About 10 years ago was the first time I heard the meteorological term "atmospheric river." My older brother and his wife had gone on vacation to stay in Myrtle Beach. Along the way, they had booked a couple of nights at a hotel in Nashville, so they could see a couple of shows at the Grand Ole Opry. Problem was it had been raining for a couple of days and wouldn't stop raining! After day after day after day of steady rain, the weather reports were telling everyone in mid-Tennessee that a storm system that was picking up moisture from the gulf and dropping it on their heads was STUCK and wouldn't move out!So true. Debating the changes in the earth's climate, the observable and strengthening changes, is a waste of time for everyone involved. Here's a feature that has become almost continual: the Gulf of Alaska low.
GOES-West - Sector view: Northern Pacific - Air Mass - NOAA / NESDIS / STAR
It seldom moves.
Debating whether human activities are the primary mover of these changes likewise is a waste of time for everyone involved. The only way a person can argue against humans being the primary mover of the changes in climate being observed is through willful ignorance, by referring to old studies, and by cherry picking old data.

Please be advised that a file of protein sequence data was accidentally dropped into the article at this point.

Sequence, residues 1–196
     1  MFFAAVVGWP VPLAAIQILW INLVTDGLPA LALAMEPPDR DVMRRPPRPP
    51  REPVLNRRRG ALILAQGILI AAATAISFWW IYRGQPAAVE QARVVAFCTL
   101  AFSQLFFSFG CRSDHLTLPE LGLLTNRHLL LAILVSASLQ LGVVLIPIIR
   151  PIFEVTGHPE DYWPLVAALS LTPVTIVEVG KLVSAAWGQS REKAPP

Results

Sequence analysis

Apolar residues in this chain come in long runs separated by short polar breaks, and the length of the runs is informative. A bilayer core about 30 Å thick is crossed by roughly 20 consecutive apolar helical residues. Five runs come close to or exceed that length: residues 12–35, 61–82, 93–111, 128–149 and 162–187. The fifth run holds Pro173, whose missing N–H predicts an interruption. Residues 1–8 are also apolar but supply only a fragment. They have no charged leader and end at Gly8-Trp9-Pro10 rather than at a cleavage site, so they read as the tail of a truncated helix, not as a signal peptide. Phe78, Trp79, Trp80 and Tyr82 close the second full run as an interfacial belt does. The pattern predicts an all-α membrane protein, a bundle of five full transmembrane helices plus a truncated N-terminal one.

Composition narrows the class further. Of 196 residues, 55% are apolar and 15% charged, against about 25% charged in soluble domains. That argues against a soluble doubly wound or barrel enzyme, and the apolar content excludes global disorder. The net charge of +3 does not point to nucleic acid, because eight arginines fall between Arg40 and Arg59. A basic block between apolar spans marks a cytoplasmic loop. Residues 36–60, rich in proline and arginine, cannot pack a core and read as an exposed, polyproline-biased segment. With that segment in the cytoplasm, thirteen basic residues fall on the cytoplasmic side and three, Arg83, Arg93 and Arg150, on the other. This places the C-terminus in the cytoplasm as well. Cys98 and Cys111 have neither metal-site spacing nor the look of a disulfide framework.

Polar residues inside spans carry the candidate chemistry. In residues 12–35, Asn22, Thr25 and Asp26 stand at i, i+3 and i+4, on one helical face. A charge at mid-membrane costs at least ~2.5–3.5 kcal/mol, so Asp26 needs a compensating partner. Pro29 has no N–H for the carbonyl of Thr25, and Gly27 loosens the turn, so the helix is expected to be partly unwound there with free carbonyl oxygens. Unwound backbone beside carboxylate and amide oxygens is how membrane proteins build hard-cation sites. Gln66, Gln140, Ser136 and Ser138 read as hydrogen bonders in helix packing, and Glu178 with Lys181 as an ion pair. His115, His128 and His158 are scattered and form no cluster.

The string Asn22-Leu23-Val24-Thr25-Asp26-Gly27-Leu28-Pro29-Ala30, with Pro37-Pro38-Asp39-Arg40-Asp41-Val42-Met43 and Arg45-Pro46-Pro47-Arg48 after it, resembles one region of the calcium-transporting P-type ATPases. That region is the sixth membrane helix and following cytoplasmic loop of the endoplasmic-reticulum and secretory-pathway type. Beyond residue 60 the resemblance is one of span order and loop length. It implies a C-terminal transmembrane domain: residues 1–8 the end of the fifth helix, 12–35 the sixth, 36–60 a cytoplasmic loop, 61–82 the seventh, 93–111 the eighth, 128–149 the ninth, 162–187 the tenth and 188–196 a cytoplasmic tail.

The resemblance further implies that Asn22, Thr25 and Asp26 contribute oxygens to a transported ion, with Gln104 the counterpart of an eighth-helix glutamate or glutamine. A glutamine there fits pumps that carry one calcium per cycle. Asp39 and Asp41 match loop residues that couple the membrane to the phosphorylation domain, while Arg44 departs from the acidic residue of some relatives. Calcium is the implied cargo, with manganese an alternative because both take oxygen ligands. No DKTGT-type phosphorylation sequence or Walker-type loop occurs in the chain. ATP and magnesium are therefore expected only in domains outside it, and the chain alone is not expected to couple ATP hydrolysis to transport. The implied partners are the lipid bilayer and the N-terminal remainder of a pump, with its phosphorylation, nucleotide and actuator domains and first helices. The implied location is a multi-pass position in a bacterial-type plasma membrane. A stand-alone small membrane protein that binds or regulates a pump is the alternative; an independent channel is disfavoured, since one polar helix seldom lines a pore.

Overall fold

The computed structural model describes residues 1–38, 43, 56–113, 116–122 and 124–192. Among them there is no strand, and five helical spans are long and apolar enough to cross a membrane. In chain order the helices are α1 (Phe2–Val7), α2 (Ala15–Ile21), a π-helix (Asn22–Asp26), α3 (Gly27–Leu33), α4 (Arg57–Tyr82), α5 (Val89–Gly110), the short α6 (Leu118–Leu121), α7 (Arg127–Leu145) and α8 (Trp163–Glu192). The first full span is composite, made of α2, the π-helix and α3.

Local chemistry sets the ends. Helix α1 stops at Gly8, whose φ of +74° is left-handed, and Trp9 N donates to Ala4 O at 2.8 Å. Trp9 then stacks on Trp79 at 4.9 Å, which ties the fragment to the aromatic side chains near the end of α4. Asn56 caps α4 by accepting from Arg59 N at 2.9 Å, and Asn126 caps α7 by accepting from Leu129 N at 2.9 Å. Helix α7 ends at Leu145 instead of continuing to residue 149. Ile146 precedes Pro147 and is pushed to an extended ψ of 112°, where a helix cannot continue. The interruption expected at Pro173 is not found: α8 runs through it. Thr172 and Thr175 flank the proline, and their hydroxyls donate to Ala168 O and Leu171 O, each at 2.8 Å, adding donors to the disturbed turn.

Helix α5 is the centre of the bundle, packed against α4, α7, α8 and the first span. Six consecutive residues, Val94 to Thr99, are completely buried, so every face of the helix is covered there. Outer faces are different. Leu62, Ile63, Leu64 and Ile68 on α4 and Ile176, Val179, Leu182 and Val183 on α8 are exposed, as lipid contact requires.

The climatological evidence for human-driven climate change continues piling up, and yeah, climatologists have gotten some things wrong. Climatology is a rapidly evolving science, but, where things are headed is fairly clear. It's not a desirable destination.
It was a giant conveyor line just dumping more and more rain, hour after hour; until the nearby Cumberland River overflowed and broke through flood barriers flooding downtown Nashville. Without hardly any notice, cars were stuck in 3 feet of water and the Opry floor, seats and stage, along with a priceless museum exhibit were all flooded out, canceling the remaining shows, while new venues were found and a long renovation and cleaup job awaited. My brother and sister-in-law were fortunate enough to have stayed at a hotel that was on higher ground away from the river. They were stuck in Nashville a little longer than expected; but were fortunate enough to have just lost time and an opportunity, unlike locals who were living close to the flood plains.
"Atmospheric rivers" pop up in the weather news many times since then. Fortunately, the area I live in misses most severe storms that pass north and south of us. Who knows, but how long can that last! Time will tell!